Just because the temperature has started to rise, doesn’t mean you should give up your runs. Instead, it would be best if you rethought a few of your routines, including what you eat and drink to keep yourself healthy.
Unfortunately, when the weather is hot, it is a lot easier to upset your stomach and dehydrate your system – neither of which is beneficial for your athletic performance.
1. Generally, you always want to eat something.
One of the biggest questions that new runners have is whether to eat something before going on a run, and how long they should wait after they eat to hit the pavement.
Generally, you always want to eat something a few hours or have a light snack before you do a long route because your body needs carbohydrates to fuel itself. On the other hand, if you are doing an early morning low-intensity jog, you may be okay with a light snack or even a fasted session. However, this depends primarily on you and your body’s needs, which usually change over time.
For a morning run, you may want to eat breakfast about two hours before starting. It can be something like oats, whole grain toast with eggs, granola, fruit salad and low-fat Greek yogurt, or a freshly made smoothie or fruit juice. These are fantastic options for both regular running days and race days.
If you are running in the evening, make sure to eat a healthy breakfast and lunch (both including protein and complex carbs), and then have a snack an hour before working out.
2. Avoid hard-to-digest snacks.
The hotter the weather, the harder your body has to work to ensure that your blood is flowing enough to aid you in sweating, running, and digesting. For this reason, you want to be careful about what you are consuming before you go on a hot-weather run, as your body is going to be able to digest things differently to when it is cooler outside. Plus, you don’t need lots of extra calories to keep your body warm.
For this reason, skip protein-heavy snacks (such as jerky) as they require a lot of energy to be digested, and you want to save that for your run. Additionally, sugary energy bars should be avoided as these are harsh on your digestive tract and prompt your energy levels to crash.
Treats such as ice cream, beer, and anything spicy should also be omitted as they can quickly cause stomach issues and take a long time to digest. The last thing you want is to have an upset stomach as this is a surefire way to ruin your run and prevent yourself from obtaining the nutrition you need.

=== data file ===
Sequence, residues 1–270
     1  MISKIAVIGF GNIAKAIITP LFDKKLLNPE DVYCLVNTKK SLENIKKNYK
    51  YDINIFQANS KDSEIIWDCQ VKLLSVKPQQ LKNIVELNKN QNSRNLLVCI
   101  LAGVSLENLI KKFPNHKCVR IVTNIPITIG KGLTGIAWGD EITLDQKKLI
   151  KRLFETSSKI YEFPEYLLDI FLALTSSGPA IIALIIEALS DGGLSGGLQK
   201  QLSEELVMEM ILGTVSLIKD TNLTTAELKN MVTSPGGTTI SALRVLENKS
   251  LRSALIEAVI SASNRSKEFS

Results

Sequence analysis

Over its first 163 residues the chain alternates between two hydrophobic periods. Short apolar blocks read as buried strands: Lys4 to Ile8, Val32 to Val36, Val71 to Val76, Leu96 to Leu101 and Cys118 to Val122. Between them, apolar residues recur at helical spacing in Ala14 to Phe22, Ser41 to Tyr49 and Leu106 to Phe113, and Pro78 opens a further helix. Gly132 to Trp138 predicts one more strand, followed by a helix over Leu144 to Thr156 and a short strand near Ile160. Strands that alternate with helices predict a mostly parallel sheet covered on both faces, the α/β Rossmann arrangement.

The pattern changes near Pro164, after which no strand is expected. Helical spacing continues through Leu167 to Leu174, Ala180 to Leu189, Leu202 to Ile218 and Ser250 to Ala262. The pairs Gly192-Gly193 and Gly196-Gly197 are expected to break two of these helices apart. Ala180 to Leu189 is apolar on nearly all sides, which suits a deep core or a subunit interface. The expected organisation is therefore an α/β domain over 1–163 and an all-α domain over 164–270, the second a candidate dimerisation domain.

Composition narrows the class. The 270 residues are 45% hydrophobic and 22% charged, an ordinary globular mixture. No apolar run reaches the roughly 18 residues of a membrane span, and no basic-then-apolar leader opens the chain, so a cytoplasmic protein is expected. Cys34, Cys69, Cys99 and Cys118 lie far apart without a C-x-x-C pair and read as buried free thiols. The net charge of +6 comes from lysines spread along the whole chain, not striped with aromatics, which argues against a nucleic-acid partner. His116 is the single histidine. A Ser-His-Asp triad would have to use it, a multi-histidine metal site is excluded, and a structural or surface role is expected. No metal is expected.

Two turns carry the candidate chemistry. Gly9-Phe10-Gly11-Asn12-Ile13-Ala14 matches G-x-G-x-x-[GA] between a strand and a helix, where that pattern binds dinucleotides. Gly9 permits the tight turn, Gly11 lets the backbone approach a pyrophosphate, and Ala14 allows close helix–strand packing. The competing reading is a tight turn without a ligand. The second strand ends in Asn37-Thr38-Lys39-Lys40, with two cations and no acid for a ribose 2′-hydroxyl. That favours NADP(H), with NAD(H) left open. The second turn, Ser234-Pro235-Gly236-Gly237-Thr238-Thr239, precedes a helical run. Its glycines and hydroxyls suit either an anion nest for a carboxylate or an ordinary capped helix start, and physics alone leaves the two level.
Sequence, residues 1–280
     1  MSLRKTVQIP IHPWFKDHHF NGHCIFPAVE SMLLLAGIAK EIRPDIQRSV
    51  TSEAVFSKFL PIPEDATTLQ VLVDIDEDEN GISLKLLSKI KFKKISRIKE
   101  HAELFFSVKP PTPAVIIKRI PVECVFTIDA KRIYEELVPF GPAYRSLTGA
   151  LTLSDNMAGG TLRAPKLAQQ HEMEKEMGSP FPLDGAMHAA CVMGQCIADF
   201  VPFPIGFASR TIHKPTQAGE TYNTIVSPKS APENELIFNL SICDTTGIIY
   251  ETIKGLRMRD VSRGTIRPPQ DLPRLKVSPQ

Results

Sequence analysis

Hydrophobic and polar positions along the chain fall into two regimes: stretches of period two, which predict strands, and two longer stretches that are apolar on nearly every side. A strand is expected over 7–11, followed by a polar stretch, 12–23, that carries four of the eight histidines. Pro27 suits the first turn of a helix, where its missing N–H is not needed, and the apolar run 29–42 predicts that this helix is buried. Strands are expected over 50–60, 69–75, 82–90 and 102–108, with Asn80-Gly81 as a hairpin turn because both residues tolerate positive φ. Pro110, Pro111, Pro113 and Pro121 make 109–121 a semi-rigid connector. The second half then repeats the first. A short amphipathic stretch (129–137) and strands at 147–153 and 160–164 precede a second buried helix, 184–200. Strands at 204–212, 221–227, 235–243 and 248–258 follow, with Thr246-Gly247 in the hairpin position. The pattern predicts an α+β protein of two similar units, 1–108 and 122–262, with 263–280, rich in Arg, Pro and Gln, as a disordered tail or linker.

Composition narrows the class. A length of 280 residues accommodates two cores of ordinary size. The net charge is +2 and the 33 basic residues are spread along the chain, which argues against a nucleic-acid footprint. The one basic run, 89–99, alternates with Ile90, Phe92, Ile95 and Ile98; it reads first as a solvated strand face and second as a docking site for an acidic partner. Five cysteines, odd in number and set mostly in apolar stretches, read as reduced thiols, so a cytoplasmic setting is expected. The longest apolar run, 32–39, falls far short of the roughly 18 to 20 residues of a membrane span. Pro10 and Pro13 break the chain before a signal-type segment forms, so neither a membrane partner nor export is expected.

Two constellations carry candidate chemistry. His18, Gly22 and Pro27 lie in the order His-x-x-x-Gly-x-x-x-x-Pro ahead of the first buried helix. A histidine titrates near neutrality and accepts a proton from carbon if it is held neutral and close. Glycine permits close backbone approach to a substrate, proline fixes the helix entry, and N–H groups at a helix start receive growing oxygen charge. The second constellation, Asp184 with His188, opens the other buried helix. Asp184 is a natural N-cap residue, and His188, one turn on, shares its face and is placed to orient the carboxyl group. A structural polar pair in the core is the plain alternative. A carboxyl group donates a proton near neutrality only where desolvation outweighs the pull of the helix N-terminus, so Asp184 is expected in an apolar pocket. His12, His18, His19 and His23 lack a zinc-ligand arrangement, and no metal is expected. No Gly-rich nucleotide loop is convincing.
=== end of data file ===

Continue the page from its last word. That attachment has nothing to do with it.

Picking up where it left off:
3. Keep yourself hydrated.
As a runner, one of the most important things you have to do is keep yourself hydrated. This is true in all climates, but even more crucial when it is scorching hot outside. Maintaining your hydration is necessary for maximizing performance, minimizing injury and improving your recovery. In other words, if you are dehydrated, you will get tired quicker, have an increased heart rate, and be more likely to develop headaches and cramps.
To avoid this, you need to drink lots of water as H2O helps regulate your body temperature, eliminates waste, delivers energy to your cells, and bolsters your joints.
Drinking water throughout the day is the best way to ensure you remain hydrated and are replenishing lost fluid. Also, keep in mind that thirst isn’t necessarily the best indicator of dehydration. Around two hours before you go on a run, make sure to drink 16 ounces (two cups) of water and then about 15 minutes before leaving, another six to eight ounces of water.
Furthermore, hydration drinks are a fantastic low-calorie beverage option that hydrate and replenish your electrolyte levels before, during, and after a run. For example, GU Hydration Drink Tabs are made for daily runners and come in a portable container, so you can always have one with you.
4. Limit your caffeine intake.
Runners around the world like to reach for coffee before they head out as the caffeine stimulates the nervous system, creating a performance-enhancing effect. This, then, serves as a natural performance booster, helping you to increase your stamina and speed. Moreover, due to its high level of antioxidants, coffee boosts your immune system and increases your metabolism.
If you are going to have a cup of coffee before you go running, make sure that you have it black to keep it low in calories. Additionally, you don’t want to have more than three to six milligrams of caffeine per kilogram of your body weight.
Consuming more than this amount does not improve performance, but instead can cause the development of adverse side effects such as dizziness, anxiety, and heart palpitations. Generally, the best time to drink it is 30 minutes to an hour before your run starts as this will give coffee time to reach its maximum effect.
5. Provide your body with essential nutrients afterward.
Once you have completed your run, you want to provide your body with essential nutrients as soon as possible, ideally within 20 minutes after your run. This is vital for the repair process to start and to ensure that you have a full recovery.
That being said, what you choose to eat is going to vary based on your goals. If you are looking to build muscle, you will want to have a snack or meal with high protein content. On the other hand, if you are focusing on losing weight, you will want an option lower in calories. No matter what you eat, you must prioritize replenishing lost fluids, recovering glycogen levels, and restoring your muscle fibers.
Are you a hot-weather runner? If so, what additional nutrition tips do you have to add to this list? How do you keep yourself healthy when exercising in the heat?
Let us know in the comments below!